android_2sv
image source: blog.google
  • Android phones running Nougat or higher can now be used as physical 2SV security keys.
  • Google has unlocked the functionality and urges people who are likely to get targeted by phishing actors to use it.
  • Everyone should take the extra step, as it’s easy to set up and use, maximizing the security of your account.

Google has announced that you may start using your Android phone as a physical two-step verification key, securing you from phishing actors and attempts against your Google Accounts. Similar to how the Google Titan 2FA security keys work, an Android phone could be used for verification when the user is logging into Google apps using a Chrome browser or the Chrome OS. The only prerequisites are to use a computer that has Bluetooth connectivity, and that your phone is running Android 7.0 Nougat or higher. The whole process is based on the FIDO certification, something that Google has been actively working to bring to Android lately.

Google says the security key is built-in in your Android device, and all that you have to do is set it up for use with your account. To do this, you add your Google Account on the phone that is to be used as the 2SV security key and then enroll in 2SV from within your account’s settings. Next, on the computer, you visit the 2SV settings on your Google Account again and click on the “Add security key” option. The Android phone that you have used to login to your account in the first step should now be offered as an option, so you choose it from the list and you’re good to go!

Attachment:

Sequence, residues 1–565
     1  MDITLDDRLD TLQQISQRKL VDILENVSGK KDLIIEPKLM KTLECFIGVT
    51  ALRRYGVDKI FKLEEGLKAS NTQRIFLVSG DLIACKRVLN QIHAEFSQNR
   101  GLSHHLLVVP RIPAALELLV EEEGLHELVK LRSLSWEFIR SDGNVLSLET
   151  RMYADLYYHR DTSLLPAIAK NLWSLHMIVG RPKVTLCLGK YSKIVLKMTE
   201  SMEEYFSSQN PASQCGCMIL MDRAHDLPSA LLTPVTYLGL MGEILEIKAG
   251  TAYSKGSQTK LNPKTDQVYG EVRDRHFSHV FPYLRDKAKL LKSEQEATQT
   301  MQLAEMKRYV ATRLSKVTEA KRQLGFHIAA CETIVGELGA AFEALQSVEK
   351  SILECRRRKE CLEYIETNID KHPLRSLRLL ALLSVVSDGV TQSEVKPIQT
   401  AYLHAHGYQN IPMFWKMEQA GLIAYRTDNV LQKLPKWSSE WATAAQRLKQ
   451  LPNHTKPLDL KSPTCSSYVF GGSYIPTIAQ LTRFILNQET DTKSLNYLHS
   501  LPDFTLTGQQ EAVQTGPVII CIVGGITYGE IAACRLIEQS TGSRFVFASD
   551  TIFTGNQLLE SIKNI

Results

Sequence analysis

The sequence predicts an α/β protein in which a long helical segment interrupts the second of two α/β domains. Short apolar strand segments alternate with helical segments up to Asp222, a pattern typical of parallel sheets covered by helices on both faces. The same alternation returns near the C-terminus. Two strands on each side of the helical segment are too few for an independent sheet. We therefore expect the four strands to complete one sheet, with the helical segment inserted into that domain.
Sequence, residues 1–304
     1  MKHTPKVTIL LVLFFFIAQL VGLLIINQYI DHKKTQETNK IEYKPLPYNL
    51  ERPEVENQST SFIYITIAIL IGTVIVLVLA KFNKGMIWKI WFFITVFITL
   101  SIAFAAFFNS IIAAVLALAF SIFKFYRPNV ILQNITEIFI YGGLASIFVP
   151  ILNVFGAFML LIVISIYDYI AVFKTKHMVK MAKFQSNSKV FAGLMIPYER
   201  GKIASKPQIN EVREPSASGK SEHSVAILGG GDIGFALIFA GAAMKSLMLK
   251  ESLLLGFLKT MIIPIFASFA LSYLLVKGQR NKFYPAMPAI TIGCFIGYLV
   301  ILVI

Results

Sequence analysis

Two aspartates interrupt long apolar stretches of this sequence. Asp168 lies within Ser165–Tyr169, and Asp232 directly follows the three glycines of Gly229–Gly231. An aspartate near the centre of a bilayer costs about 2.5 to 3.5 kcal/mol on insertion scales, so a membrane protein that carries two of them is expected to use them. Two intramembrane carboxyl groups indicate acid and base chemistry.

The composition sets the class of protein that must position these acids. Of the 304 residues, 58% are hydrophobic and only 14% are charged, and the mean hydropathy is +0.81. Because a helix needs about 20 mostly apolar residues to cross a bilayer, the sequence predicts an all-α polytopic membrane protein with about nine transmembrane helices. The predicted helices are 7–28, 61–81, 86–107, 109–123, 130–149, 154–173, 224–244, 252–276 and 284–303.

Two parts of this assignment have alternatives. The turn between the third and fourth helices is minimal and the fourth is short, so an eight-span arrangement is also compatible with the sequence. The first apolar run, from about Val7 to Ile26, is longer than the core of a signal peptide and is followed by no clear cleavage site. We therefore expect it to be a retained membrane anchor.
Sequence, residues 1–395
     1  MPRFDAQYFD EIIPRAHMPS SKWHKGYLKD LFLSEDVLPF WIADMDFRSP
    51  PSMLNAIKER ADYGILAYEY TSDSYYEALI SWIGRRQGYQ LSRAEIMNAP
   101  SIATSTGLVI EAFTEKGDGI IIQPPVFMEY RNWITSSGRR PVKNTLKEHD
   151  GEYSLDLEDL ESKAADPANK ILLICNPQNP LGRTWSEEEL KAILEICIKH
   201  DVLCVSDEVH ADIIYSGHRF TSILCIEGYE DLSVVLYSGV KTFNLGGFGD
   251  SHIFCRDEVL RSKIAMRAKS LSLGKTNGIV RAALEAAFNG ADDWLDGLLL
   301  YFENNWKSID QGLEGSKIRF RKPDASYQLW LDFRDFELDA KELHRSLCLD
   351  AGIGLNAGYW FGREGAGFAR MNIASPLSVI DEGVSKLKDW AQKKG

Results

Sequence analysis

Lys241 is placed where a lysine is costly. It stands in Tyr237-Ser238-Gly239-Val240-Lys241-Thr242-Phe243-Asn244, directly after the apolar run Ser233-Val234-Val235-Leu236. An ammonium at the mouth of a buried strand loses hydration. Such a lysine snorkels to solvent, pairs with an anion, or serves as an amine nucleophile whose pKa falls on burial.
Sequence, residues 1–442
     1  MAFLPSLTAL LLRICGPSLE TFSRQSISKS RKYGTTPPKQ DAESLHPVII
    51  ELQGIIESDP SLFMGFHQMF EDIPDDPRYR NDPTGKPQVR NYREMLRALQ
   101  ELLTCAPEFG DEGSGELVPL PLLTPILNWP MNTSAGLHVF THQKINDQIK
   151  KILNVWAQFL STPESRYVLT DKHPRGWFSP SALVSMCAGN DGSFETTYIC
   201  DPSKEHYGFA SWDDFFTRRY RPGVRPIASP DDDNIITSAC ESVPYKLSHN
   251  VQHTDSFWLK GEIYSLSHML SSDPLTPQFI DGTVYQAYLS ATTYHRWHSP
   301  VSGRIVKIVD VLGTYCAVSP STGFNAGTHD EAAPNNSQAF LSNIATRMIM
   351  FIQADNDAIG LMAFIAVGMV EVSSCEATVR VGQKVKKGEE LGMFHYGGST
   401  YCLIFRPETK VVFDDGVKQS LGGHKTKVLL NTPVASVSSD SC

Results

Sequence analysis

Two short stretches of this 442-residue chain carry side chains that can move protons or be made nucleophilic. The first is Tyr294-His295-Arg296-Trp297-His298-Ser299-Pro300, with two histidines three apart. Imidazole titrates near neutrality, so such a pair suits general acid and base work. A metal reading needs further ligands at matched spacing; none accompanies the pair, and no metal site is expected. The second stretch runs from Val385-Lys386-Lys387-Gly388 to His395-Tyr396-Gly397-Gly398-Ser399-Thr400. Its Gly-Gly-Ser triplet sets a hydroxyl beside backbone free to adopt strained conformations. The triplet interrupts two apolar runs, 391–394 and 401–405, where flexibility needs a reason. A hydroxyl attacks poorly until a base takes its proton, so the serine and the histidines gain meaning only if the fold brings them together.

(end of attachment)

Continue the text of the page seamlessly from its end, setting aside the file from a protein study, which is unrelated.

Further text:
From then on, all that you’ll have to ensure is that your phone is within the Bluetooth range of your computer for the authentication to take place. If it is, you’ll get a message on your phone, asking you to confirm the login action by holding the volume button down, and that’s it.

image source: blog.google

Two-step verification procedures that are based on physical keys are much more robust and reliable compared to SMS verification, which is susceptible to SIM swapping attacks. That said, we urge you to take advantage of this new 2SV way offered by Google, as it will help you further secure your account. However, it is important to point out that physical keys can be lost or stolen, so it’s important not to forget to set up a backup key as well. If you don’t do that, you will lose access to your account if your phone is lost or stolen. A spare Titan key should do the trick in that case.

Are you planning to activate 2SV on your Android device to protect your Google Accounts? Let us know in the comments below, and help us spread the word by sharing this post through our socials, on Facebook and Twitter.